Kidney stones linked with kidney failure
(Edmonton) People who have had kidney stones are twice as likely to need dialysis or a kidney transplant later in life, according to recently published findings by medical researchers at the University of Alberta. Their article was printed in the British Medical Journal.
Faculty of Medicine & Dentistry researchers Todd Alexander and Marcello Tonelli tracked data from more than three million Albertans over an 11-year period from 1997 to 2009. They discovered that people with a history of kidney stones were twice as likely to have serious kidney problems later in life as were people who had never suffered from kidney stones. And women under the age of 50 who had a history of kidney stones were four times as likely to develop kidney failure later.
Although the actual number of those who developed kidney failure was small, the link with a history of kidney stones was noteworthy.
“I think what these results tell me is that we should be screening those with a history of kidney stones for risk factors for the development of kidney disease,” says Alexander, the study’s first author and a practising pediatric nephrologist.
“I am not surprised by these findings, because when you are passing a stone through a kidney, there is definitely the potential for permanent damage.”
Based on the findings, between five and seven per cent of Albertans will develop a kidney stone in their lifetime, says Alexander. The data are more alarming in the United States, where 10 to 11 per cent of the population develops kidney stones. Half of those who get kidney stones will have a reoccurrence—anywhere from one to several episodes.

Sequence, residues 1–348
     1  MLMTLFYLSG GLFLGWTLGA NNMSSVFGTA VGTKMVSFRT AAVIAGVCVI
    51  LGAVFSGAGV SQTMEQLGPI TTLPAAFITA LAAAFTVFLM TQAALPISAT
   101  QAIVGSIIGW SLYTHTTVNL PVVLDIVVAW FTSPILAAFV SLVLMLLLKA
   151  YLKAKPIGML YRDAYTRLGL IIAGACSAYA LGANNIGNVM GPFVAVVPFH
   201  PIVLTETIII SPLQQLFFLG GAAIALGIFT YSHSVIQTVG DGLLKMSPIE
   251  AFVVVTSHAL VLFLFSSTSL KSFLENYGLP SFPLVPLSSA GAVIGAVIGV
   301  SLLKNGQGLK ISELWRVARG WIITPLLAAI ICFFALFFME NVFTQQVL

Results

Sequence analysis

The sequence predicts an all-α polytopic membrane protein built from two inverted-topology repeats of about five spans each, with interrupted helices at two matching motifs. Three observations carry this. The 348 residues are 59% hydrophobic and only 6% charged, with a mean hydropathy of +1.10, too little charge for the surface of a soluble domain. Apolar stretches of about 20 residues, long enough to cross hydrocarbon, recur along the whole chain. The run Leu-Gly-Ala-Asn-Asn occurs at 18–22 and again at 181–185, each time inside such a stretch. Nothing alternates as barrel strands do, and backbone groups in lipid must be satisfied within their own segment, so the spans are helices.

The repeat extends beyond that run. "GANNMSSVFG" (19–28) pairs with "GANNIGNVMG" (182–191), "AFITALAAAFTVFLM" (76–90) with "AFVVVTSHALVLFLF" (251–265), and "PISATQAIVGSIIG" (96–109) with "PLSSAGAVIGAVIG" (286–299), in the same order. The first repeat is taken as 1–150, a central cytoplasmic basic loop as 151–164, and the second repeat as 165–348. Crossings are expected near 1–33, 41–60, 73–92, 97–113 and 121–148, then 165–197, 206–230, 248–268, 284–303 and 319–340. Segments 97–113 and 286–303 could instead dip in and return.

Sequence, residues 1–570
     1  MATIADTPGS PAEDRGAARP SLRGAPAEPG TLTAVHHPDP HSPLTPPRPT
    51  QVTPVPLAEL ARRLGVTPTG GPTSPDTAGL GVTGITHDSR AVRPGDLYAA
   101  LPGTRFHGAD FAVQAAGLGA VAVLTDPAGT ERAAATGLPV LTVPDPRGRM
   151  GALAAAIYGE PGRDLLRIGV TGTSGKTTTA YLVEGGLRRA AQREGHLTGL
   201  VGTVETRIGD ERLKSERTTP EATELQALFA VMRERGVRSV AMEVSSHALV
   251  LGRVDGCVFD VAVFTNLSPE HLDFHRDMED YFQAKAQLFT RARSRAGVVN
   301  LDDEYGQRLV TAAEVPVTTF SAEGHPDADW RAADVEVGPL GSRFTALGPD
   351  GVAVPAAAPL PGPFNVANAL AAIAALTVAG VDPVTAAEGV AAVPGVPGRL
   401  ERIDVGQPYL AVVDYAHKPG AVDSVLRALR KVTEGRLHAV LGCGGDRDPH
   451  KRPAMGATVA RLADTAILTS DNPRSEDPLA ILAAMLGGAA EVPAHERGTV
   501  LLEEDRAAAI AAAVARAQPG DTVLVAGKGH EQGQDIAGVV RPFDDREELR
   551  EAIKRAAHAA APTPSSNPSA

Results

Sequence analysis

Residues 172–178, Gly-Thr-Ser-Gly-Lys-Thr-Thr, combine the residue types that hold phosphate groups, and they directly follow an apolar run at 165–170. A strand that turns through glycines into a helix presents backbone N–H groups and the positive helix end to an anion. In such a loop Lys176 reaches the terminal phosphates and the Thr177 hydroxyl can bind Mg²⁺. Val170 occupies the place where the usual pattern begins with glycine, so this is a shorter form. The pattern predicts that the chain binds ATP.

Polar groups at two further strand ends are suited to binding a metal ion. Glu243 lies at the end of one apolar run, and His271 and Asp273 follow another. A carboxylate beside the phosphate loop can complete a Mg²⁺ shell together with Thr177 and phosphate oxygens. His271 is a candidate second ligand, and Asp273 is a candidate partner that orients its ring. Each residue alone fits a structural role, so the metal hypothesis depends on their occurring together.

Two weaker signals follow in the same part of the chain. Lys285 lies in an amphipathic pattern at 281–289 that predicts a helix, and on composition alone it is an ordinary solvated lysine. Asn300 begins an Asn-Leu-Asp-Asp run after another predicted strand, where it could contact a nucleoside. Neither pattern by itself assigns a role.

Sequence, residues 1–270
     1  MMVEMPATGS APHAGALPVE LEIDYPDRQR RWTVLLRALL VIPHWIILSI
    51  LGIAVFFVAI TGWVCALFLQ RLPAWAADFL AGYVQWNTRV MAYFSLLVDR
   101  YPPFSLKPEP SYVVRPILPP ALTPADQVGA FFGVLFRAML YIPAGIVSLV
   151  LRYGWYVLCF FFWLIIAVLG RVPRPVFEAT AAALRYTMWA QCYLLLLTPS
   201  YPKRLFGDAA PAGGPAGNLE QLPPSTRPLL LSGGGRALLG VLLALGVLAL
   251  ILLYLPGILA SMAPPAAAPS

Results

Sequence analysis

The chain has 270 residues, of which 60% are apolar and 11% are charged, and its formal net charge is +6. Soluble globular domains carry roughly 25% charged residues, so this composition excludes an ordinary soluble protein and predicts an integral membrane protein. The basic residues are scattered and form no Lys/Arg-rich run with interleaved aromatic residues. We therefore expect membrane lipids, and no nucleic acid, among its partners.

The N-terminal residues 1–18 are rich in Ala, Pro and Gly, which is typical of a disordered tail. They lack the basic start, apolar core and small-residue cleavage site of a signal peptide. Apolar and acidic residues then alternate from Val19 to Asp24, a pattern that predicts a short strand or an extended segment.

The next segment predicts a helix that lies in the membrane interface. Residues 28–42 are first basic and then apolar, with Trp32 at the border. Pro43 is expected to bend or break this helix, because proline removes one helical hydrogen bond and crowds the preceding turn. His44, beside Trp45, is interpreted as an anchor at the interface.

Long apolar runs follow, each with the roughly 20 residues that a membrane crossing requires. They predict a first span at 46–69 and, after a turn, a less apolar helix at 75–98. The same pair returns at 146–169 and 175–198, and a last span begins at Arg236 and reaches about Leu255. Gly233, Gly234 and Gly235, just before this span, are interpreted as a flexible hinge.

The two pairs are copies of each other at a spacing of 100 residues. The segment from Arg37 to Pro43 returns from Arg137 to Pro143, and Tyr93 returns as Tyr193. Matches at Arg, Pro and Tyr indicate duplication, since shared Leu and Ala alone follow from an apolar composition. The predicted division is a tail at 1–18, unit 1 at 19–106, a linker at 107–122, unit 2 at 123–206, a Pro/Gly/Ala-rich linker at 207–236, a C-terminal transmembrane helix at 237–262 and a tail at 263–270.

“It’s important to note that the vast majority of people with kidney stones won’t develop permanent kidney damage,” adds Tonelli. “But a few will, and that’s why it’s important for people with stones to get proper followup care—to reduce their risk of another stone, and to detect kidney damage if it has occurred.”
People could try to decrease their likelihood of developing kidney stones by decreasing their sodium intake, drinking more water and, if needed, taking certain medication. Research has previously shown that the kidneys of people who develop kidney stones don’t function at optimal levels, which is a factor in the whole issue.
Alexander is a researcher in the Department of Physiology and the Department of Pediatrics, and Tonelli holds a Canada Research Chair in the Department of Medicine’s Division of Nephrology.
The primary funders of the research were The Kidney Foundation of Canada, Alberta Innovates – Health Solutions, the University Hospital Foundation and the KRESCENT program, a training and support program for kidney-research scientists.
“We are proud to support outstanding and innovative research that helps us to improve our understanding of the possible risk factors for developing kidney failure,” said Wim Wolfs, national director of research with The Kidney Foundation of Canada.
Other funding organizations were equally pleased with the research findings.
“We are deeply grateful for the tremendous community support that allows the University Hospital Foundation to support innovative research; to provide the seed funding required to pursue new and emerging fields of study,” said Joyce Mallman Law, president of the University Hospital Foundation. “Todd Alexander and Marcello Tonelli’s research is a tremendous example of the power of philanthropy to change and save lives by building new knowledge to treat and prevent disease.”